Saturday, January 31, 2009

How to Find a Rare Bird

Seeing a rare bird in Orange County, California is not as hard as you might think. First, you have to know the birds that are Orange County Residents or who regularly spend part of the year here. Why do rare birds end up in Orange County or anywhere for that matter? Well, although we may not know all the answers, we do know some reasons for rare birds landing in places we don't expect them to be. Some rare birds like the American Bittern winter here in small numbers and can be seen if you look in areas like the places they are normally found. Some birds get off schedule and touch down in a place they don't usually stop off at and just stay. Some touch down for a few days on the way to somewhere else like South America or Canada. Some like the Eurasian Wigeon (who starts migration up north were North America and Russia are close together) get on the wrong flyway and just end up in the wrong place. In addition, stormy weather, extreme heat, or strong winds can send a bird off course away from its usual stomping grounds. Some birds like the Cattle Egret wander and appear sporadically in areas with little rhyme or reason. It may be food, weather, or something we do not even understand.

If you want to see a rare bird, follow these steps:

Bald Eagle from the OC Zoo at Irvine Regional Park in Orange, California.

1) Check the rare bird alert. See what's flying into Orange County. Go to those places it has recently been seen and see if it is still there.

Eurasian Wigeon at Huntington Central Park in February--either wintering or headed south.

2) If you have a rare bird that you want to see, then do an advanced search for the species on the Orange County Rare Bird Alert. Discover where and when it has appeared in the past. Try to be there in similar times. For example, Snow Geese and Bitterns most often appear in winter. So if you want to see them, the best bet is in winter. Find out its preferred food and habitat. If it is a wetlands bird, then look in wetlands habitats. In other words, look for places that are very much like its normal habitat.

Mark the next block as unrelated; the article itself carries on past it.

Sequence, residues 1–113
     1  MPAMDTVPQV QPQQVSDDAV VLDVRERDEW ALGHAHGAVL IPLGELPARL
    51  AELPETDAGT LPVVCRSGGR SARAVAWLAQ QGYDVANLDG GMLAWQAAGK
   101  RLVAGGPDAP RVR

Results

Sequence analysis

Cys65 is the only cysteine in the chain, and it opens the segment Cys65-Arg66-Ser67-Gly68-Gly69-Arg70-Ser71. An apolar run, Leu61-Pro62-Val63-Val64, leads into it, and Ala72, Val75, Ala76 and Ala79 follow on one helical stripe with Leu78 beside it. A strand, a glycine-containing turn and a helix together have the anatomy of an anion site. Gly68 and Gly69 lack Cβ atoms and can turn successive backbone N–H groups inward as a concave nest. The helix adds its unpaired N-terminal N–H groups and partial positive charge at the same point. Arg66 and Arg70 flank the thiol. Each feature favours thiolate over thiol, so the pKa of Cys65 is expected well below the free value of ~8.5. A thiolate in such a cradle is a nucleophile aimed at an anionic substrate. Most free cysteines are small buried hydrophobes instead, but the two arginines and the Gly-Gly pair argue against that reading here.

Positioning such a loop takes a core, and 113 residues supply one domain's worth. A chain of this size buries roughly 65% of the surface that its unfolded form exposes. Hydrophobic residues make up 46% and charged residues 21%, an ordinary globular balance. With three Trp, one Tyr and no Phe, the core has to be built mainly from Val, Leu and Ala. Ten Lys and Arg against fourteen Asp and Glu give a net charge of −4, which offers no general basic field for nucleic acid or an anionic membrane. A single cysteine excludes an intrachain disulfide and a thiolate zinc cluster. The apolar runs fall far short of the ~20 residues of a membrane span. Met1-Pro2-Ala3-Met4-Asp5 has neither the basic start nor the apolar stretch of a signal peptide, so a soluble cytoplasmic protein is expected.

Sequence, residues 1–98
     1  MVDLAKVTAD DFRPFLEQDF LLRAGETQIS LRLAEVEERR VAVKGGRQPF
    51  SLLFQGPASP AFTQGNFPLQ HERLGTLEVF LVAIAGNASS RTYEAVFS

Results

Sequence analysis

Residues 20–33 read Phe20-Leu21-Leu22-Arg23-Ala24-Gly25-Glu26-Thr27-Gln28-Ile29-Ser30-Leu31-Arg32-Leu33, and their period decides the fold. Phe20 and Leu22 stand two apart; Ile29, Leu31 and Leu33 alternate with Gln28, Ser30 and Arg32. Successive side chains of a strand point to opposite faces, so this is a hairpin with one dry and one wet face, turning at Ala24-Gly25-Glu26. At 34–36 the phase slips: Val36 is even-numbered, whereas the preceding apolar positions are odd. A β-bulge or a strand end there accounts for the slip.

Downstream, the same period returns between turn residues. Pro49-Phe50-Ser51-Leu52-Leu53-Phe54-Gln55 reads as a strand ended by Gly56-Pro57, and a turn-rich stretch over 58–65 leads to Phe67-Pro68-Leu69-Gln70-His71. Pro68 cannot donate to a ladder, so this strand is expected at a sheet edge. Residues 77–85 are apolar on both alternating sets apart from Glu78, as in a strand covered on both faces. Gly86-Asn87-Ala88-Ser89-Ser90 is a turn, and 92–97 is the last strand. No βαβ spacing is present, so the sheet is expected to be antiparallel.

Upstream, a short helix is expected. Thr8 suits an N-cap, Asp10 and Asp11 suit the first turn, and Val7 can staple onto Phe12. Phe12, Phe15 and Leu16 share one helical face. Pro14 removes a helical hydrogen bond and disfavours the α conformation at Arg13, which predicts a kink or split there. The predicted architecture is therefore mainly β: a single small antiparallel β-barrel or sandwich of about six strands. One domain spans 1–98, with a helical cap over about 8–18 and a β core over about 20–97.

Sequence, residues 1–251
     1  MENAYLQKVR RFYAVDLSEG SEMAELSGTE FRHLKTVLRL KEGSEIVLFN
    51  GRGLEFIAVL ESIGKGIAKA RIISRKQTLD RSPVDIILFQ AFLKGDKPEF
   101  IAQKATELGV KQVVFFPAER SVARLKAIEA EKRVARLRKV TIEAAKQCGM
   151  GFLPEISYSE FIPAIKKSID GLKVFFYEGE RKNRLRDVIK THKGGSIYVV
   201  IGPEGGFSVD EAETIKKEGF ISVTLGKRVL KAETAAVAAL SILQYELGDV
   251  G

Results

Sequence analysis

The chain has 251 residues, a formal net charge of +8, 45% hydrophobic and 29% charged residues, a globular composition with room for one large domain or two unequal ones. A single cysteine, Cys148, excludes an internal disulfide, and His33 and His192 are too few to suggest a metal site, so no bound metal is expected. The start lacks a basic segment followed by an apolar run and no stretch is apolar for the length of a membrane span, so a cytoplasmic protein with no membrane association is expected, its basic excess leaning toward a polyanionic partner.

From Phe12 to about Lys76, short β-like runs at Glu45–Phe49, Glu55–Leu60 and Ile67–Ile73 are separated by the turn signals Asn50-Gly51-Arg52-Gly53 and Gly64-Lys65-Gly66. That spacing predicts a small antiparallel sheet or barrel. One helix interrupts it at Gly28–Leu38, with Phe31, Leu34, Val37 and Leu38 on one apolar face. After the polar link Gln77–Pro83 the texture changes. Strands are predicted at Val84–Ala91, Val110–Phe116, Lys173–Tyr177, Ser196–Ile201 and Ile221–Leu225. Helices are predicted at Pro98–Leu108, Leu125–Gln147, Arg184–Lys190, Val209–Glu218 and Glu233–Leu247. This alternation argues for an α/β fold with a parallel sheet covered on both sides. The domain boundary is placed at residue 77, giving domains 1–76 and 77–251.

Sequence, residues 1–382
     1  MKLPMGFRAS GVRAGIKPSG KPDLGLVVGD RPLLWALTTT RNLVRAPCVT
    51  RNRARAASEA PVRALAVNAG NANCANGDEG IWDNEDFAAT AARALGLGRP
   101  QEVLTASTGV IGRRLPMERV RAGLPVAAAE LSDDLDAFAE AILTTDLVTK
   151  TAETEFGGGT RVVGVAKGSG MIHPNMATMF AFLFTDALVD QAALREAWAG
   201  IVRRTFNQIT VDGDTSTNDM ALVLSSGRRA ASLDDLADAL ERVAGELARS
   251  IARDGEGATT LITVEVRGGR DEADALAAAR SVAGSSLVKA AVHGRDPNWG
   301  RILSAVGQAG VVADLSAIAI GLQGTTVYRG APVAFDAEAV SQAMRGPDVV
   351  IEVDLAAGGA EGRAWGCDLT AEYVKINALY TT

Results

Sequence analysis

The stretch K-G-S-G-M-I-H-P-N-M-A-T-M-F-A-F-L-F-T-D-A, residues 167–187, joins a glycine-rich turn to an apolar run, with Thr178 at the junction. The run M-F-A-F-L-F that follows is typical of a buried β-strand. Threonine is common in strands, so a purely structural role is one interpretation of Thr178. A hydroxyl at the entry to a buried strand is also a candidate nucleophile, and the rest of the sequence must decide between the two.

Ross's Goose in the San Fernando Valley

4) Pray. There are no guarantees with rare birds. Persistence is what pays off. If you are out in the field often birding, you will most likely see more rare birds than if you are watching videos.

Reddish Egret at Bolsa Chica Ecological Reserve .

Spotting a rare bird is I would say 60% knowledge about the species and 40% serendipity.

There is great birding out there even if you are looking at really familiar birds. Don't become immune to the beauty of a Spotted Towhee or a Willet. They are just as amazing in their own ways as a Redstart or an American Bittern. No matter what birds you see, whether resident birds or rare birds, have fun birding in Orange County!

OC Birder Girl Links

Reddish Egret--A Rare Bird

The Rose-breasted Grosbeak--A Rare Bird

Birding Hot Spots in Orange County, California

Beginning Birders in Orange County

Birding Code of Ethics from American Birding Association

About Binoculars

Orange County Bird Checklists

Parts of a Bird


Bird Guide Reviews

External Links


Online real-time checklist from Cornell.

Orange County Rare Bird Alert

Sea and Sage Audubon: Information on Rare Bird Alerts

List of rare bird alert resources.

What to Do When You See a Rare Bird: Reporting Your Observations to the IBRC

This is a great article by Portneuf Audubon Society in Idaho that has practical application for all birders. Just make sure you report to the rare bird alert in your area and not in Idaho.

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